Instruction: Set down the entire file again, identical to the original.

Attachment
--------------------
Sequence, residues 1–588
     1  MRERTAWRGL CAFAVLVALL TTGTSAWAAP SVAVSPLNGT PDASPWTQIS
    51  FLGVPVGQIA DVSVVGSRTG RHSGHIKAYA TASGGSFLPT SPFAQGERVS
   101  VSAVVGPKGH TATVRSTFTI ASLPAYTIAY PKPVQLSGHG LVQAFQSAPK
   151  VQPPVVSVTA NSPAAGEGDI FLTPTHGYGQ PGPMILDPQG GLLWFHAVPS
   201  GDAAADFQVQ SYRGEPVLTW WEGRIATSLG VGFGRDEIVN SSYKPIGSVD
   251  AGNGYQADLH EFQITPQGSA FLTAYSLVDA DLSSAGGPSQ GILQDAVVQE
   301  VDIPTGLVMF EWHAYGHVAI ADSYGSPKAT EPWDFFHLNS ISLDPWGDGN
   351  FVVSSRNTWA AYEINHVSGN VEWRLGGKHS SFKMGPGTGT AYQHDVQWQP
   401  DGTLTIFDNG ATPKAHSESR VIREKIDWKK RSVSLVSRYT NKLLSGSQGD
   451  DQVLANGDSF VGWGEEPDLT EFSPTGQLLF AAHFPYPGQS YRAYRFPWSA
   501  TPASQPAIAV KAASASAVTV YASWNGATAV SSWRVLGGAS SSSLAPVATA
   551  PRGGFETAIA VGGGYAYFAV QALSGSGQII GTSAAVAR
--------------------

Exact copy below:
Sequence, residues 1–588
     1  MRERTAWRGL CAFAVLVALL TTGTSAWAAP SVAVSPLNGT PDASPWTQIS
    51  FLGVPVGQIA DVSVVGSRTG RHSGHIKAYA TASGGSFLPT SPFAQGERVS
   101  VSAVVGPKGH TATVRSTFTI ASLPAYTIAY PKPVQLSGHG LVQAFQSAPK
   151  VQPPVVSVTA NSPAAGEGDI FLTPTHGYGQ PGPMILDPQG GLLWFHAVPS
   201  GDAAADFQVQ SYRGEPVLTW WEGRIATSLG VGFGRDEIVN SSYKPIGSVD
   251  AGNGYQADLH EFQITPQGSA FLTAYSLVDA DLSSAGGPSQ GILQDAVVQE
   301  VDIPTGLVMF EWHAYGHVAI ADSYGSPKAT EPWDFFHLNS ISLDPWGDGN
   351  FVVSSRNTWA AYEINHVSGN VEWRLGGKHS SFKMGPGTGT AYQHDVQWQP
   401  DGTLTIFDNG ATPKAHSESR VIREKIDWKK RSVSLVSRYT NKLLSGSQGD
   451  DQVLANGDSF VGWGEEPDLT EFSPTGQLLF AAHFPYPGQS YRAYRFPWSA
   501  TPASQPAIAV KAASASAVTV YASWNGATAV SSWRVLGGAS SSSLAPVATA
   551  PRGGFETAIA VGGGYAYFAV QALSGSGQII GTSAAVAR